Despite improvement of treatment with Gleevec, Sprycel and Tasigna, allogeneic stem cell transplantation remains the only curative treatment for patients with CML. This form of treatment is only available for a small minority of patients due to the advanced age of most patients at the time of diagnosis and the lack of a suitable related or unrelated allogeneic stem cell donor. Despite significant progress, allogeneic transplants are associated with significant early mortality and morbidity. Until the advent of Gleevec, “young” patients with an HLA-matched related or unrelated donor were advised to undergo a transplant without a trial of IFNa. Older patients and patients with high-risk factors for failure of transplantation were advised to have an allogeneic transplant only after failure of IFNa. The definition of who is “young” and who is at “high” risk of transplant failure varies from center to center and is evolving over time. Advising selected patients to have an immediate transplant was based on the observation that the results of transplant were worse for patients transplanted after one or two years than for patients transplanted within one year of diagnosis. Until recently, a major criterion for delay of transplant was a good initial response to IFNa treatment. Now all patients with newly diagnosed CML are receiving initial treatment with Gleevec or other newer drugs before combination with other agents or a transplant is considered. However, clinicians should identify a donor early for younger patients without significant co-morbidities since, sooner or later, the disease will progress despite Gleevec and other therapies.NCCN recommends allogeneic tansplant in blast crisis, after obtaining a remission.
Transplantation should be done sooner when there are poor-risk features, such as presentation in blast crisis.Age has consistently been an important factor for outcome of allogeneic stem cell transplantation, but the exact upper age limit for performing an allogeneic transplant in early chronic phase is controversial, with ranges from 40-65 years, depending on the institution performing the procedure. In general, treatment-related deaths increase with age in most centers. In one clinical study, no patients under age 20 died. Patients 30-40, 40-50 and 50-60 years were 1.24, 2.30 and 2.54 times more likely to die of the procedure, respectively. Patients over age 40 had a significant increase in the risk of dying of the transplant compared to younger individuals. Thus, patients under the age of 40 had a 5-year survival of 85%, compared to 65-70% for patients over 40 years of age.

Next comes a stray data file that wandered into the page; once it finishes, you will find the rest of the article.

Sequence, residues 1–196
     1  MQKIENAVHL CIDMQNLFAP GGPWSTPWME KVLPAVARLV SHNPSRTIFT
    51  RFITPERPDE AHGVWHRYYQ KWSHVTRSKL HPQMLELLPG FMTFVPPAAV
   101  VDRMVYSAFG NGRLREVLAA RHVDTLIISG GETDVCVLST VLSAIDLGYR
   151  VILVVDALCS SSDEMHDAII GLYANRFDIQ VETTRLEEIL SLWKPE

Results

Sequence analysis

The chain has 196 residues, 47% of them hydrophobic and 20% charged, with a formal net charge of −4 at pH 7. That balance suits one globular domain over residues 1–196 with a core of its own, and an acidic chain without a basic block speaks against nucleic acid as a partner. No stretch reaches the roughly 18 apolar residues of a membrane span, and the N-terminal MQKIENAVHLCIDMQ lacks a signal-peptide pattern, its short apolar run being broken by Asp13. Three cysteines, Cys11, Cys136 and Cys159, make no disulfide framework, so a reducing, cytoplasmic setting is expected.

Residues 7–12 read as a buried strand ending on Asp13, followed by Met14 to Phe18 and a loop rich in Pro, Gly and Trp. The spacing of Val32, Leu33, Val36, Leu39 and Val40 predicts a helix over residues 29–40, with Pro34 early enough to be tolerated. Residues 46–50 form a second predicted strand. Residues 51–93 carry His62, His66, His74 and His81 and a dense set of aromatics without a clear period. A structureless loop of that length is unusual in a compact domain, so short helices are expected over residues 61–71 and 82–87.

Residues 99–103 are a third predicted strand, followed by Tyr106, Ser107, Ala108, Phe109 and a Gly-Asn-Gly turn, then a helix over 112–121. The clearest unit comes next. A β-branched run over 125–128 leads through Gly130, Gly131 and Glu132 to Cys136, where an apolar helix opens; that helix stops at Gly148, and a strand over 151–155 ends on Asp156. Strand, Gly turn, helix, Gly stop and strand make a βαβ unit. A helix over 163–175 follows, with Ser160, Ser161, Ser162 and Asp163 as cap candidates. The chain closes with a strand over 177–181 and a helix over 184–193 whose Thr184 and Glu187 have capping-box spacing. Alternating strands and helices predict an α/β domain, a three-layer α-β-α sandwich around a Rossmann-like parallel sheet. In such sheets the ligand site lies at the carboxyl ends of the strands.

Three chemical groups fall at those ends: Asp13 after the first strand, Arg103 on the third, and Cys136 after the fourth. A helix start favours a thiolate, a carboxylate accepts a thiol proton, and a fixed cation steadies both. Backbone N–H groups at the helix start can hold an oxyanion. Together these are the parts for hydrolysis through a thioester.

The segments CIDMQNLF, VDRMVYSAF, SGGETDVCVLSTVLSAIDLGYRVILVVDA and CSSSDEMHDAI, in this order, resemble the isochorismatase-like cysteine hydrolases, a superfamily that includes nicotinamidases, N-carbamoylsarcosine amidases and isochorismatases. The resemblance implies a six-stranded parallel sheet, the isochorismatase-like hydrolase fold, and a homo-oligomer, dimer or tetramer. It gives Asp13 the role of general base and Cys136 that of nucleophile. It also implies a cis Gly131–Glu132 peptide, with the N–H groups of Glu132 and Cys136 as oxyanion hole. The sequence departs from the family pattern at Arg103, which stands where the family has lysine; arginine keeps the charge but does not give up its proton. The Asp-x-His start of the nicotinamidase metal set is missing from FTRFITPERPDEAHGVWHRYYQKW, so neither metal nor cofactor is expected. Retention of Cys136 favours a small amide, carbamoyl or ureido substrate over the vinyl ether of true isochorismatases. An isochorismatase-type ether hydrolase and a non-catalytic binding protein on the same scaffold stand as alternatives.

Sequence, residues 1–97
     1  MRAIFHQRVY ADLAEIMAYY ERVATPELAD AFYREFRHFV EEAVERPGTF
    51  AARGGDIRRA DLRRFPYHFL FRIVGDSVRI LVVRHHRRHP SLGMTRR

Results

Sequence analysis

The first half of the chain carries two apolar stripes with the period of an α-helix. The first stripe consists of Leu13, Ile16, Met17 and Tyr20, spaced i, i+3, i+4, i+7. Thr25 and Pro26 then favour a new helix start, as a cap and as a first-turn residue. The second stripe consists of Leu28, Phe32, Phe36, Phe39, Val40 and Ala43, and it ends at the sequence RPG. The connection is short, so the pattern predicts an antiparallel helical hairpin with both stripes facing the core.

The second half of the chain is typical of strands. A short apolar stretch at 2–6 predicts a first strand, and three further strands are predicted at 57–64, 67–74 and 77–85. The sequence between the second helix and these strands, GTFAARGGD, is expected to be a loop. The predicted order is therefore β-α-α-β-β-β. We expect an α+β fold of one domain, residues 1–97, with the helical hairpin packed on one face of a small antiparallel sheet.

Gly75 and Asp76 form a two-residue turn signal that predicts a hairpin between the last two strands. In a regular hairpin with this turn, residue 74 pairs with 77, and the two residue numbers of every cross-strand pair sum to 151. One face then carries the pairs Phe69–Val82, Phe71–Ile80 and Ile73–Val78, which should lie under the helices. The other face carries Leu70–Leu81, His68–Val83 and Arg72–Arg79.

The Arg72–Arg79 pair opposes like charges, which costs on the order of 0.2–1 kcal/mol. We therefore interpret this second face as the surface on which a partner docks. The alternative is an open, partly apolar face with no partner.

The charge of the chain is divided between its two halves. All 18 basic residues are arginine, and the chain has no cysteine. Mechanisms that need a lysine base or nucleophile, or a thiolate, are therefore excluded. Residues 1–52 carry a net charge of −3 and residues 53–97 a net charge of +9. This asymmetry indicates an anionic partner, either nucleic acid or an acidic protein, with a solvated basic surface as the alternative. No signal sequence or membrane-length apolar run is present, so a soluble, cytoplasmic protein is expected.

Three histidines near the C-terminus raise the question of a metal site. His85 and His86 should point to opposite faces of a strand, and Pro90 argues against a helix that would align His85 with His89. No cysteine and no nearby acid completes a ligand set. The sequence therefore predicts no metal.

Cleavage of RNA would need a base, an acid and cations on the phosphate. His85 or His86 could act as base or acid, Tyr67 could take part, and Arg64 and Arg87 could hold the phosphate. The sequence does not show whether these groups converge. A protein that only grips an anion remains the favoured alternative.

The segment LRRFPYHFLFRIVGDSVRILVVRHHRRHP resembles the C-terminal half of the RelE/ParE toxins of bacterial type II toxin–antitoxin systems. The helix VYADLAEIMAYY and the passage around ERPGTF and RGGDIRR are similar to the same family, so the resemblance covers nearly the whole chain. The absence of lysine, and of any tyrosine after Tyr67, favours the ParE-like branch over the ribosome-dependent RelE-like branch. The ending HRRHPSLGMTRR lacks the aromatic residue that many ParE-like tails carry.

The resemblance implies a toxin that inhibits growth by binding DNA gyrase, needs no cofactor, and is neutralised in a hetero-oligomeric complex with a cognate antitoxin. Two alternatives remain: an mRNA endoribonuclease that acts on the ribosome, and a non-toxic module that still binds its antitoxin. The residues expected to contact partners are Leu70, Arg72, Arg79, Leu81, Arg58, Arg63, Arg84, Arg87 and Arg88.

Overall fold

Delay of transplant can also affect outcomes of patients transplanted in chronic phase. In one study, patients transplanted from HLA-matched unrelated donors while in chronic phase within one year of diagnosis had a 5-year survival of 85% while those transplanted between 1 and 2 years from diagnosis had a survival of 78%. Patients transplanted in chronic phase more than 2 years from diagnosis had a survival 50%, with the excess deaths all being related to complications of the transplant. However, these data were generated in the era of INF alfa treatment and the impact of Gleevec on survival from a subsequent transplant is unknown. This will be very important since patients will be coming to transplant after years of Gleevec treatment.Allogeneic stem cell transplantation can cure up to 80-85% of patients with newly diagnosed CML but can be associated with significant morbidity and mortality. There have been attempts to define risk factors associated with failure to assist in decision making concerning the appropriate timing of allogeneic stem cell transplantation for an individual patient with CML. However, these risk factor analyses may be dated and may not be relevant to patients being treated in the Gleevec era and an era of improving results of allogeneic stem cell transplantation.
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